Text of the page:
I’ve mentioned here on the blog before that I don’t particularly care for roller coasters. I just don’t get the thrill of trying to scare the crap out of yourself. “Here, I’m going to push you down this hill at a speed fast enough to make you think you might die.” Why, yes, that sounds like loads of fun. Sign me up.
One of the pitfalls of having children, though, is that they often want to do things you do not. So, of course, when my family went to the Magic Kingdom last week, what was the first thing my kids wanted to do? Ride the Dumbo ride? Spin on the tea cups? Cruise through pirate-infested waters? No, of course not. Space Mountain, Splash Mountain, the Seven Dwarfs Mine Train… Basically, anything that would drop us from a great height at an even greater velocity.
My wife actually does enjoy an occasional roller coaster ride, but it seems age or the effects of giving birth five times is catching up to her, as her stomach tends to get a little queasy with too much motion these days. So guess who that left to ride all these things? Yep, that would be me. (Actually, my wife did do the mine train and Splash Mountain. I’m just looking to garner extra sympathy here, I guess.)
I’ve gotten into this kind of odd habit of setting mini-goals for myself in certain situations these days. For example, I might challenge myself to say one ad-libbed thing to the waiter or waitress if I go out to eat. It may not sound like much, but it gives me a little sense of accomplishment here and there. In the case of Disney World, I set two: Strike up a conversation with a stranger (which I never, ever do) and raise my hands on a roller coaster.
The stranger part actually happened pretty naturally. For some reason, Disney World just seems to be conducive to striking up random conversations, and I was fortunate enough to stumble upon one waiting in line for one of the rides. The raising of the hands? Well, that was a bit more difficult. See, when I feel that first drop coming on, I apply the death grip to whatever’s in front of me. I actually had a sore back after riding Space Mountain because my body tensed up so much. I am not the dad you see in pictures with hands in the air and a smile on his face.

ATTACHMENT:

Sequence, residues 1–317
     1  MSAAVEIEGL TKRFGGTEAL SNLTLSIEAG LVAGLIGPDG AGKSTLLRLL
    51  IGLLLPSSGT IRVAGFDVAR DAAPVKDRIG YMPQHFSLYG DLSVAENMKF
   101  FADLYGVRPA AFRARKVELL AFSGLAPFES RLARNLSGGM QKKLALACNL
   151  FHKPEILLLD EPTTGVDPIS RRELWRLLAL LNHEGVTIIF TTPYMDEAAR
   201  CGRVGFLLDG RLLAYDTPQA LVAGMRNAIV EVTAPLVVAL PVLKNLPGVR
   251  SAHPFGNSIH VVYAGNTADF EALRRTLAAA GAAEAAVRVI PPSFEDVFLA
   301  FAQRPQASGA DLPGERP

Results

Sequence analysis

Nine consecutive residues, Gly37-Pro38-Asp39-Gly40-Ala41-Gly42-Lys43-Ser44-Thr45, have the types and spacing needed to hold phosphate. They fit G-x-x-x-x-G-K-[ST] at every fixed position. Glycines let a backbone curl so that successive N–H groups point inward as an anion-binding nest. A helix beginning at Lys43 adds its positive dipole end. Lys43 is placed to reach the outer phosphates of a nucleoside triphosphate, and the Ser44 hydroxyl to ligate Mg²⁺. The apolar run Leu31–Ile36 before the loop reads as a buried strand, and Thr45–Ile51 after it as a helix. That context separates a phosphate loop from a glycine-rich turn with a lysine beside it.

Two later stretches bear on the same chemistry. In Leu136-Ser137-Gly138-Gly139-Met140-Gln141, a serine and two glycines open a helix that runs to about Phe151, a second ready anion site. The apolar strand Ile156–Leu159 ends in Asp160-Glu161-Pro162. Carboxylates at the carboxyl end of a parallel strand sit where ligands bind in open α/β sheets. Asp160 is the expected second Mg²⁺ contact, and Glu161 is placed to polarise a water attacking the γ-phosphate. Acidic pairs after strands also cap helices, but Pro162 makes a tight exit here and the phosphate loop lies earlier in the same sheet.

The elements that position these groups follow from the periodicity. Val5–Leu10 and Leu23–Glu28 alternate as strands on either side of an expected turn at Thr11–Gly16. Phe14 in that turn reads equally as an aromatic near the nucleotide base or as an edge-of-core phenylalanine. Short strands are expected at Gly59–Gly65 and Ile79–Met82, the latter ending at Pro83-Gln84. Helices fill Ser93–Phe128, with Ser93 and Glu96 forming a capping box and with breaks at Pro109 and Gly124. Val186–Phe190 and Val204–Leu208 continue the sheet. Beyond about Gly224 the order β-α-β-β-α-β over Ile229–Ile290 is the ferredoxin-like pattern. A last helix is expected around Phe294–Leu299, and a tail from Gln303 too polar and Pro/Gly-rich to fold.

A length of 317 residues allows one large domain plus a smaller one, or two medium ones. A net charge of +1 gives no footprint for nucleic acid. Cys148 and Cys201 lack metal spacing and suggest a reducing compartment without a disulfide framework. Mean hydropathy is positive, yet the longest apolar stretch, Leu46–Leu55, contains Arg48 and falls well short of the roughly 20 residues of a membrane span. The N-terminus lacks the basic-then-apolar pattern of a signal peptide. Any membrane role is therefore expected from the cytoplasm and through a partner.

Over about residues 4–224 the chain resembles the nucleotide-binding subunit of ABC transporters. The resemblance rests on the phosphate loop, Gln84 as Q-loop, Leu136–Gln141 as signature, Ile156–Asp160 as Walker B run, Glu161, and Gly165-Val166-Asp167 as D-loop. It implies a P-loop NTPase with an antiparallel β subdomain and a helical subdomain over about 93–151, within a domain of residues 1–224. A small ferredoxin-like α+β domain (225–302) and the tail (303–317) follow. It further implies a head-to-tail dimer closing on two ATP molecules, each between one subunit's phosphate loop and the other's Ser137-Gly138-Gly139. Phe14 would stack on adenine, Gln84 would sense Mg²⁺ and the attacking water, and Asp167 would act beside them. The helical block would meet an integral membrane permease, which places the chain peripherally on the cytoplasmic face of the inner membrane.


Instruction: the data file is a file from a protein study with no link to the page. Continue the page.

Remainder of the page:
I failed on Space Mountain, the mine train, and Splash Mountain. Thunder Mountain Railroad was my last shot. I looked up and saw the big mountain and thought, “Oh, no, this isn’t going to work at all.” For some reason, though, my confidence had been building throughout the day. I guess not dying on the other three rides was giving me a boost. So, in the first turn of Thunder Mountain Railroad, I did something I had never done before: I raised my hands on a roller coaster.
I would imagine there are a few of you saying right now thinking, “Pfft, that’s not even a real roller coaster. Go through some loops and then pat yourself on the back.” Well, baby steps, I say. So what if I got my hands up on a small roller coaster. That’s better than I’d ever done before. There’s something about hitting those mini-goals that goes a long way for me. So when the ride ended and I was still alive, I felt pretty darn good. A bit silly, but pretty good.
Now, am I going to go back one day and hop on the Rock ‘n’ Roller Coaster? Um, probably not. And I won’t even get into how our trip to the resort pool went (Note: I can’t swim.). But, you know, you have to claim the small victories when you can, right? Maybe I’ll even get my hands up on two roller coasters next time.